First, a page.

It’s August and time for a bit of sightseeing. I’m on a trek through Northern Idaho and Montana. Spent the last two days in Sandpoint, ID along Lake Pend Oreille. I’m now in Big Fork, Montana. Today’s drive from Idaho to Montana was spectacular. Headed north of Pend Oreille to Bonner’s Ferry to Moyie Springs to down to Troy Montana, to Libby to Happy’s Inn to Marion to Kila to Kalispell to Somers to finally to Big Fork Montana. Majestic scenery everywhere along the drive! Wide open lush meadows that seem to go on forever with the mountains and forest as the backdrop. Many lakes, rivers and streams to cool your feet in. I pulled over for a few quick photos and a short video (shot with my iPhone 3GS) at Kootenai Falls between Troy and Libby Montana.

No doubt that life is different up in the mountains. Never been in a grocery store with so many “trophies” mounted on the wall. Hunting’s not my thing. Don’t believe in it, unless you’re going to eat what you kill.



Breaking news via TelecomsKorea

KT, formerly known as Korea Telecom, has officially confirmed its plan to launch Apple’s iPhone in the Korea market.

Picture 2KT Chief Financial Officer Yeon-hak Kim let the news slip in a conference call on Friday, “Apple iPhone will be in our smartphone line-up. … iPhone will help to expand the smartphone market and will contribute to increasing the ARPU”(average revenue per user).

Kim declined to provide any further details, including the launch date and distribution plans in South Korea.

iphone-south-koreaKT is the second largest carrier in South Korea with 15 million mobile subscribers (32% marketshare). The other primary iPhone suitor is SK Telecom, the leading mobile operator in the nation with 23 million mobile subscribers (50% marketshare). A SK Telecom spokesperson revealed on Tuesday that it too has been talking with Apple to introduce iPhone in South Korea. If a deal with SK Telecom is reached, then Apple’s iPhone will not be an “exclusive” in Korea.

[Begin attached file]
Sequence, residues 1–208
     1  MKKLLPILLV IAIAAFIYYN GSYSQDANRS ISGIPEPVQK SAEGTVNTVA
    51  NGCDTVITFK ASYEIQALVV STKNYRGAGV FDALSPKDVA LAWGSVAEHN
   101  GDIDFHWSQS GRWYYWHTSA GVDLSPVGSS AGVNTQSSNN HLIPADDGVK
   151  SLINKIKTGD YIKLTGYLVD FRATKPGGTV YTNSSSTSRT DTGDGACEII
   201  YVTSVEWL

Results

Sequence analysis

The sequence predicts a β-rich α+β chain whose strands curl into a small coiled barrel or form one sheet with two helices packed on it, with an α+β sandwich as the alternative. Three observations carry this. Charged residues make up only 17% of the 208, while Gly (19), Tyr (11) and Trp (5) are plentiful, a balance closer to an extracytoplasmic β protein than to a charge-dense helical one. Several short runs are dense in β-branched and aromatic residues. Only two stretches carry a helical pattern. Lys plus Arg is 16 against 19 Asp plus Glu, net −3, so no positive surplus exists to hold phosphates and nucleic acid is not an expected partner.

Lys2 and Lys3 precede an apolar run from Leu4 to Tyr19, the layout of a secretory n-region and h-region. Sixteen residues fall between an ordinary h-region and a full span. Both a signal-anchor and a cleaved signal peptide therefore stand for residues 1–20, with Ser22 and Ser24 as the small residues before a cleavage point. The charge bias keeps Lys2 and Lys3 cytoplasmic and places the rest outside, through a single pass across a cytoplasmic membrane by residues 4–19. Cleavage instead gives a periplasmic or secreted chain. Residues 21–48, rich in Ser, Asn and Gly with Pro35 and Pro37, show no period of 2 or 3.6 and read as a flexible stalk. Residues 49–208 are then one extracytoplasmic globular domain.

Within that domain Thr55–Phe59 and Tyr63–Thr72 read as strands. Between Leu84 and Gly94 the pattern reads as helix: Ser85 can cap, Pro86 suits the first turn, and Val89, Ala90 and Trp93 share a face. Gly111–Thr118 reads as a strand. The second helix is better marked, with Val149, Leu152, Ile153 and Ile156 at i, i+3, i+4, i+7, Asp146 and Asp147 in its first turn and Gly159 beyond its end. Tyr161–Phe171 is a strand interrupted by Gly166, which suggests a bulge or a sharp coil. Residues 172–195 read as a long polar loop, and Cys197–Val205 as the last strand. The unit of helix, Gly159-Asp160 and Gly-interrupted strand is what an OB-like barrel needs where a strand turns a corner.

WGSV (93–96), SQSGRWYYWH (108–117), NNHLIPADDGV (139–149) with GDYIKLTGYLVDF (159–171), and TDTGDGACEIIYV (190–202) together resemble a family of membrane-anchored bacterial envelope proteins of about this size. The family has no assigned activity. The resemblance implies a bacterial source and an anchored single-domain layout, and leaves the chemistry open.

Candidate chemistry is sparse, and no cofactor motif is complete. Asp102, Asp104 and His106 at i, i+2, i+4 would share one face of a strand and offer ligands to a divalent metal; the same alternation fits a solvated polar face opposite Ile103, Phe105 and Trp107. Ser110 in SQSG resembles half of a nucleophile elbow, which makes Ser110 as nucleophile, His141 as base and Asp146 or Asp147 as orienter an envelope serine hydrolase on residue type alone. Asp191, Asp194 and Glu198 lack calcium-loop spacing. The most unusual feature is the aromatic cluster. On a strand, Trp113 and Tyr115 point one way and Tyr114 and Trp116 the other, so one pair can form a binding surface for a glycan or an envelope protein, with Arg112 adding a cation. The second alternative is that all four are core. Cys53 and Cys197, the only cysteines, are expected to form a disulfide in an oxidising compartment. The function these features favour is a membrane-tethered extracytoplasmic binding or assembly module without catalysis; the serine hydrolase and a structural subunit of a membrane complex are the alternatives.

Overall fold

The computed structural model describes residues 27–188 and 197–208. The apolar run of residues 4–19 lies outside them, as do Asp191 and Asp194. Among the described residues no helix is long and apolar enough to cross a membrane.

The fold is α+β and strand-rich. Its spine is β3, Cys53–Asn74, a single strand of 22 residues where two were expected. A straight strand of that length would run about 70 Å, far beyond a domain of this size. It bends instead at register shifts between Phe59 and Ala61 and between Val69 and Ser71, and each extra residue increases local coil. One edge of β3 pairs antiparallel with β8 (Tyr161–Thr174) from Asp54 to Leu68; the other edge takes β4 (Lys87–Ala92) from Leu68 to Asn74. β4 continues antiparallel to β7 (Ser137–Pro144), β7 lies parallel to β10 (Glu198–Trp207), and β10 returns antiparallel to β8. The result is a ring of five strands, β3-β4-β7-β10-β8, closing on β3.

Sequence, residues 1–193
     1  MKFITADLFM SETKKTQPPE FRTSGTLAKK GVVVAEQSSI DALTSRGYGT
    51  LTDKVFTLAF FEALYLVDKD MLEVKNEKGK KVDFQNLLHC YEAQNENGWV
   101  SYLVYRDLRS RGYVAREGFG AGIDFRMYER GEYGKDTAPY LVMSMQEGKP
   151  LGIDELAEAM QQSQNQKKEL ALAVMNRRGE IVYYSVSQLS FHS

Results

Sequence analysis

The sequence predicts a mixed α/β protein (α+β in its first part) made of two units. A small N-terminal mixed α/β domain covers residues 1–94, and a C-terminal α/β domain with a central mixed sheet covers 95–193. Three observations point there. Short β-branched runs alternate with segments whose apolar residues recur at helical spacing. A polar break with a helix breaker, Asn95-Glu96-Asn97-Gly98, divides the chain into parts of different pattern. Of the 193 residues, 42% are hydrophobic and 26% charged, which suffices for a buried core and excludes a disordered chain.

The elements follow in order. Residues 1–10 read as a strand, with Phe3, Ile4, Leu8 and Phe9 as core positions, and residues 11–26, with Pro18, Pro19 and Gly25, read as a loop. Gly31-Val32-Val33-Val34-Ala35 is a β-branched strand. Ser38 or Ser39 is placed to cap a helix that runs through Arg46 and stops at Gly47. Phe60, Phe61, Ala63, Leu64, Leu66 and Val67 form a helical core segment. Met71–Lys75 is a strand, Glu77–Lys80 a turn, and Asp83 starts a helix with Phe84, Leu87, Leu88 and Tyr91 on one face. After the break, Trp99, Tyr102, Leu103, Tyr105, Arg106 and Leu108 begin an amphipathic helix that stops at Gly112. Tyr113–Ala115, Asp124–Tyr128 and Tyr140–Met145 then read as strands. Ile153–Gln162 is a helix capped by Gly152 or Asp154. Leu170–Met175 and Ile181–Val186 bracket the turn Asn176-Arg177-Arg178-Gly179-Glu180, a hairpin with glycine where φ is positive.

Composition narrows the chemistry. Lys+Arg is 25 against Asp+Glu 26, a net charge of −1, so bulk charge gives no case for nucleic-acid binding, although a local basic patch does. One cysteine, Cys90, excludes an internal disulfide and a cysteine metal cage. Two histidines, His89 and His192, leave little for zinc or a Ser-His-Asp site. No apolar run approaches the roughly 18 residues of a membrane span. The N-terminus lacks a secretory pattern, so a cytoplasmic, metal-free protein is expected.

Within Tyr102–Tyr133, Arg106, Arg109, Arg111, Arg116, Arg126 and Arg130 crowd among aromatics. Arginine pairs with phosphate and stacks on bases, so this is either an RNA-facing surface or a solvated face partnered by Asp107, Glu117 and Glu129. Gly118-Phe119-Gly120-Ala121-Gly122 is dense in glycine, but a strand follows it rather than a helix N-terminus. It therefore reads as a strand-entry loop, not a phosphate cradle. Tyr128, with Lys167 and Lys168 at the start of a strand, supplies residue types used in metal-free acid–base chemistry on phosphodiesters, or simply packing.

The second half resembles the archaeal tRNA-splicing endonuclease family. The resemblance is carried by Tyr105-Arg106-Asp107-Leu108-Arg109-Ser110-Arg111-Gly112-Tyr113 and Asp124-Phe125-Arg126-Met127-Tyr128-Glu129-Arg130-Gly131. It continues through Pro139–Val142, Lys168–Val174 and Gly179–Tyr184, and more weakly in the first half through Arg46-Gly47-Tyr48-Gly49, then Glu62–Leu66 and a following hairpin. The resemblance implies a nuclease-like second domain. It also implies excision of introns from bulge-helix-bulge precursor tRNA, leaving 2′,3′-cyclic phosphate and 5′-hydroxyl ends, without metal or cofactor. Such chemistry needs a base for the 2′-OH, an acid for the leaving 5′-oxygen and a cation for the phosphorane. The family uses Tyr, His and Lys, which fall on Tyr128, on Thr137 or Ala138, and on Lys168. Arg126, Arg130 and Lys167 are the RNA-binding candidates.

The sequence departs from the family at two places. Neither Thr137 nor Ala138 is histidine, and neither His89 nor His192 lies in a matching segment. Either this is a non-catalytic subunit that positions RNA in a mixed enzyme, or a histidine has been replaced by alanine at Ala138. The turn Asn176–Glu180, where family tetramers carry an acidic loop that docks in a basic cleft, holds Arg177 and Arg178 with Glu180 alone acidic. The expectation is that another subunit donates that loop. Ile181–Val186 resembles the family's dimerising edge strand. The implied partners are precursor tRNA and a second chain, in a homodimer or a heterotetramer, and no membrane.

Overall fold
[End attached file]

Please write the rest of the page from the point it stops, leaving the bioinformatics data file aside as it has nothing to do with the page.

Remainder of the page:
Just speculation, but if the two top carriers in South Korea both wind up offering iPhone, then an “iPhone in Korea” launch date may be held up until the both carriers have inked a deal with Apple.

Picture 1Read more via > TelecomsKorea

iphonechinaThe following is my reply to Artman’s post (quote below) on the terrific AAPL Sanity message board. Artman is referencing Tim Cook’s careful choice of words when asked when iPhone might be launched in China. Twice now Tim Cook has stated that Apple’s objective is to have iPhone officially in China “within a year.” (i.e. could be tomorrow… or 12 months from now)*******************

Picture 2Atman: << THE QUOTE I remember – Tim Cook: “Within A year” >>*********************

And that’s a wise quote to keep in mind Artman … As Yogi Berra often admonished “nothing is done till it’s done!”(a bit of a paraphrase)
In my last post I listed a few of the issues that could still be on the Apple/China Unicom negotiation table (won’t repeat here).
lebronblockmingWhen I think about the China iPhone negotiations, I think about how much is controlled by the the “powers” looking to protect “greater interests” in China. I’m reminded of my pick-up basketball games down at the local gym. The same guys show up every Saturday … Teams get picked and the competition is fierce. It’s human nature to want your team to win, and you’ll fight like crazy to score big and shut down your opponent. But when the game is over, everyone, no matter the team they were on, is still good friends. Next game, the guy you battled and elbowed may be your own teammate. And when a stranger shows up at the gym and “has game,” you want that guy (Apple) on your team. But no matter how well the stranger can play, he won’t supplant the relationships with the guys you’ve known for years.